The young woman turned at the crunch of [the wig-maker’s] boots on the sanded floor, and exclaiming, ‘Oh, Mr. Percombe, how you frightened me!’ quite lost her colour for a moment.
He replied, ‘You should shut your door – then you’d hear folk open it.’
‘I can’t,’ she said; ‘the chimney smokes so. Mr. Percombe, you look as unnatural out of your shop as a canary in a thorn-hedge. Surely you have not come out here on my account – for –‘
‘Yes – to have your answer about this.’ He touched her head with his cane, and she winced. ‘Do you agree?’ he continued. ‘It is necessary that I should know at once, as the lady is soon going away, and it takes time to make up.’
‘Don’t press me – it worries me. I was in hopes you had thought no more of it. I can NOT part with it – so there!’
‘Now, look here, Marty,’ said the barber, sitting down on the coffin-stool table. ‘How much do you get for making these spars?’
‘Hush – father’s up-stairs awake, and he don’t know that I am doing his work.’
‘Well, now tell me,’ said the man, more softly. ‘How much do you get?’
‘Eighteenpence a thousand,’ she said, reluctantly.
‘Who are you making them for?’
‘Mr. Melbury, the timber-dealer, just below here.’
‘And how many can you make in a day?’
‘In a day and half the night, three bundles – that’s a thousand and a half.’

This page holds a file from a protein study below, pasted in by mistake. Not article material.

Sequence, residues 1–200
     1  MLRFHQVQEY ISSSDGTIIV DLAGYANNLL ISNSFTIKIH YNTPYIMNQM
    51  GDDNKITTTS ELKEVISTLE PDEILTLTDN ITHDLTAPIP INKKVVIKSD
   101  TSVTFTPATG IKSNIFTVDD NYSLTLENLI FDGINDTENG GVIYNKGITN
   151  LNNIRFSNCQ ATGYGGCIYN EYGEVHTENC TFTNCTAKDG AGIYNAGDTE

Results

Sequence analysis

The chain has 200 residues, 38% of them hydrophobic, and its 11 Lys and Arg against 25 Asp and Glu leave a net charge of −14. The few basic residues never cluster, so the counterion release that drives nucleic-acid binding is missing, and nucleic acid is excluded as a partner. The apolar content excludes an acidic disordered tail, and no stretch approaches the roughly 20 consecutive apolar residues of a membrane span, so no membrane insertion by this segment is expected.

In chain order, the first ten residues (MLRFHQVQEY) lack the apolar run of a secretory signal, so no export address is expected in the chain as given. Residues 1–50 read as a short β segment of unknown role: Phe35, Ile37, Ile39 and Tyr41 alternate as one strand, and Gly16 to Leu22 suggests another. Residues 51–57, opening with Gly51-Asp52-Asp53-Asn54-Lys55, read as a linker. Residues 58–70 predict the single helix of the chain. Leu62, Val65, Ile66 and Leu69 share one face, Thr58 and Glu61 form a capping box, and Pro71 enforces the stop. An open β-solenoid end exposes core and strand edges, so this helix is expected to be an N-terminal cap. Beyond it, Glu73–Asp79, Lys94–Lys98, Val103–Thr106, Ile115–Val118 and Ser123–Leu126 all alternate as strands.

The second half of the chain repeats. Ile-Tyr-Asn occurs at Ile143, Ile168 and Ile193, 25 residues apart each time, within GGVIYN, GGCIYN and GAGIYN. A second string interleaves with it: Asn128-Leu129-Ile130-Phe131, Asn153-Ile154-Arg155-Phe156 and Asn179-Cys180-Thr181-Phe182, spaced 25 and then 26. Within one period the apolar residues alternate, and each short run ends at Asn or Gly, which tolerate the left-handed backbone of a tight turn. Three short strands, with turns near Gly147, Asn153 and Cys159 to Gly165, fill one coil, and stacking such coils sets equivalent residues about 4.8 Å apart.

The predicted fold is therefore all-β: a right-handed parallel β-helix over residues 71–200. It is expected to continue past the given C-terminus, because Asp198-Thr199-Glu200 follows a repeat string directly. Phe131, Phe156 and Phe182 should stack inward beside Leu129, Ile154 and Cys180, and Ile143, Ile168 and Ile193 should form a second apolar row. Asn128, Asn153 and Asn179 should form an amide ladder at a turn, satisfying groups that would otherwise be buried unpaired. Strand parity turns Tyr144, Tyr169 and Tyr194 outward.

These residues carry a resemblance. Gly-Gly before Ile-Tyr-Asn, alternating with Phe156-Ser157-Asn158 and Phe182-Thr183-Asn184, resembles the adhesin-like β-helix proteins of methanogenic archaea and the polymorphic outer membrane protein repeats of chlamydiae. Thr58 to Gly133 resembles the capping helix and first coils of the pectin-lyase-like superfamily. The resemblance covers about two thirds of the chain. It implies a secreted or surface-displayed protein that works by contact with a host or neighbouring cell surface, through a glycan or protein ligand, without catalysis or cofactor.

‘Two and threepence.’ The barber paused. ‘Well, look here,’ he continued, with the remains of a calculation in his tone, which calculation had been the reduction to figures of the probable monetary magnetism necessary to overpower the resistant force of her present purse and the woman’s love of comeliness, ‘here’s a sovereign – a gold sovereign, almost new.’ He held it out between his finger and thumb. ‘That’s as much as you’d earn in a week and a half at that rough man’s work, and it’s yours for just letting me snip off what you’ve got too much of.’
The girl’s bosom moved a very little. ‘Why can’t the lady send to some other girl who don’t value her hair – not to me?’ she exclaimed.
‘Why, simpleton, because yours is the exact shade of her own, and ’tis a shade you can’t match by dyeing. But you are not going to refuse me now I’ve come all the way from Sherton o’ purpose?’
‘I say I won’t sell it – to you or anybody.’
‘Now listen,’ and he drew up a little closer beside her. ‘The lady is very rich, and won’t be particular to a few shillings; so I will advance to this on my own responsibility – I’ll make the one sovereign two, rather than go back empty-handed.’